Investors see bluer skies for Red Hat, momentum is building for the software developer as demand for its products grows, the threat from some rivals eases and consolidation reshapes the industry.
Shares of the Raleigh company have surged 15 percent this month to the highest level in a year. They rose 7 cents Wednesday to close at $16.31.
"It's the general recognition that their business continues to be pretty solid," said Steve Ashley, senior vice president with Robert W. Baird & Co. in Milwaukee. "Slowly the Street is educating themselves on what Red Hat is."
The company's recent gains, however, might not be enough to sway investors for the long term, some said.
Red Hat is the world's largest distributor of the Linux computer operating system. Linux software is similar to Microsoft's Windows, in that it makes computers run, but it can be downloaded for free on the Web.
Red Hat generally makes money selling subscriptions for service and additional features.
The company's business model, and the way it accounts for revenue, has caused confusion for investors and analysts in recent years. A management shake-up and fears of rising competition as software giants such as Novell entered the Linux business also caused some consternation.
Red Hat appears to be shaking off such issues. This month, five analysts who follow the stock have upgraded outlooks or reiterated expectations for strong performance from the company, according to Bloomberg News data.
The company completed its fiscal second quarter in August, and analysts say it likely had solid sales growth. One analyst, Mark Murphy of First Albany Capital, said in a recent report that Red Hat signed a large deal with computer maker Hewlett-Packard during the quarter that could strengthen its position.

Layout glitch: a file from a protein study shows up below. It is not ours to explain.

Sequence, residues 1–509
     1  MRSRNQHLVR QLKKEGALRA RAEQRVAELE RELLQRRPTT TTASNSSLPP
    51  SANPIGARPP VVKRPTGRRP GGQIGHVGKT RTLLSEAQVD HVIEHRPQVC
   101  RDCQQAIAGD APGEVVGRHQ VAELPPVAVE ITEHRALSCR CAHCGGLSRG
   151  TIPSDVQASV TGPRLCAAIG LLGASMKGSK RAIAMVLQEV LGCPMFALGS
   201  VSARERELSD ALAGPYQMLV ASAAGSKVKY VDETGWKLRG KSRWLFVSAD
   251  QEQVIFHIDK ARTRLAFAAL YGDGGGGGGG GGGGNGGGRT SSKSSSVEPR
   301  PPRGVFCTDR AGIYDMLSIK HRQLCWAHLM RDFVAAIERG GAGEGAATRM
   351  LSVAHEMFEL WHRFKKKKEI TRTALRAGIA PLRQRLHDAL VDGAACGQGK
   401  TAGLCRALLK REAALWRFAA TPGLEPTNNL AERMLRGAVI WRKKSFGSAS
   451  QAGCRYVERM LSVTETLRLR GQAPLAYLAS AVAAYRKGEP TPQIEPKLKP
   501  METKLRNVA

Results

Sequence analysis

Red Hat officials could say more when the company reports quarterly financial results Sept. 28.
What's more, Novell, which bought two Linux companies earlier this decade, hasn't turned out to be the threat once feared. It is gaining traction, but it's not growing as quickly as Red Hat.
"Novell's woes in the Linux space make ... [Red Hat] look better," said Katherine Egbert, an analyst who follows Red Hat for Jefferies & Co. in San Francisco.
Consolidation also could help. Oracle, which is expanding through acquisitions and this week announced plans to buy Seibel Systems for $5.8 billion, is a big proponent of Linux to counter Microsoft, Murphy said.
"The bigger Oracle gets and the more customers Oracle has, the better it is for Red Hat," he wrote in a research report.
That's not to say Red Hat is in the clear. The company has taken investors on a roller coaster ride. In the past two years, the stockhas risen as high as $28.73 before plummeting to a low of $7.28.
Some caution that a little skepticism remains important.
Brad Reback, an analyst with CIBC World Markets, last week upgraded his outlook for the company. But he said competitive pressures could ultimately begin to weigh on Red Hat.
"While the company's recent results are impressive, we continue to question how defensible Red Hat's long-term position is," Reback wrote.
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